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Facebook is stepping up its war on clickbait in the News Feed

Facebook is stepping up its war on clickbait in the News Feed

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Two years ago, Facebook made an initial effort to eliminate the News Feed's surplus of "clickbait" — a hard to define but almost universally despised form of online content that leaves readers feeling tricked, cheated, or otherwise dissatisfied. But people have continued to complain about many of the articles they see in the News Feed, Facebook says, and so today it's adjusting the feed again. Over the next few weeks, Facebook will implement changes meant to reduce the distribution of headlines that withhold information or attempt to mislead the reader.

Facebook started its latest change to the News Feed by having employees analyze "tens of thousands" of headlines to identify common elements of clickbait stories. It found two main categories of headlines that drive people crazy. The first category includes so-called "curiosity gap" headlines — "You'll never believe who tripped and fell on the red carpet," for example. The second includes headlines that seek to mislead you, such as a headline that says "Apples are actually bad for you" when the articles reports they're only bad for you if you eat several every day.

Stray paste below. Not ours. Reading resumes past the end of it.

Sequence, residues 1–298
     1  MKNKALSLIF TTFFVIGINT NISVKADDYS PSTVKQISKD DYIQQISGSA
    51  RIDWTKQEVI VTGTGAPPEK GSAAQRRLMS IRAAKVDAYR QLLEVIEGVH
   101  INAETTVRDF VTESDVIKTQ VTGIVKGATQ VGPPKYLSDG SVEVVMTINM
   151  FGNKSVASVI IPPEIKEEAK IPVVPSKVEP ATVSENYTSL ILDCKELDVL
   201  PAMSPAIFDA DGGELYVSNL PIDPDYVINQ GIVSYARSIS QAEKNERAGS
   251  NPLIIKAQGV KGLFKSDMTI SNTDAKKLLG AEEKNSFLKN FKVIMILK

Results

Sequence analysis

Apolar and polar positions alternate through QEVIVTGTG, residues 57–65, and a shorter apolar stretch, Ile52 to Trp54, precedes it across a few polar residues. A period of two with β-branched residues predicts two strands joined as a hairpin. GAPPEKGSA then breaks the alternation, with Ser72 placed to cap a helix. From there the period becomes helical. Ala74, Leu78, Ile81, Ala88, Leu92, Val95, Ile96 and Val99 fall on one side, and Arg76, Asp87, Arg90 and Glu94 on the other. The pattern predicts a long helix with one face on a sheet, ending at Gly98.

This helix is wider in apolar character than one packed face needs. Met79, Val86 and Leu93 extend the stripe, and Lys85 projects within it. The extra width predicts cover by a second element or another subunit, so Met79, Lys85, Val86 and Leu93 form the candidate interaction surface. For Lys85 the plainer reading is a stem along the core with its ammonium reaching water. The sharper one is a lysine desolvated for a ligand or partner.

"There's a lot of spam."

If Facebook's algorithm identifies a headline as clickbait, it will limit both the reach of the post and (potentially) the reach of the publisher that posted it. "If you're a publisher, or you're a content farm, and you post 50 things a day and 48 of them are clickbait, you'll see a significant drop in referral traffic and reach," said Adam Mosseri, vice president of product management for the News Feed, in an interview.

The changes do not mean that publishers must now craft dry, information-dense headlines if they want them to be seen in the News Feed, Mosseri said. They will disproportionately impact the worst offenders in the News Feed while leaving higher quality sites mostly untouched, he said. "There's a lot of spam — it's not on the bubble," he said. "We're not trying to make sure all headlines are the same, or uninteresting. We're trying to respond to feedback from the people who use Facebook every day — they really don't like seeing these headlines that mislead them."


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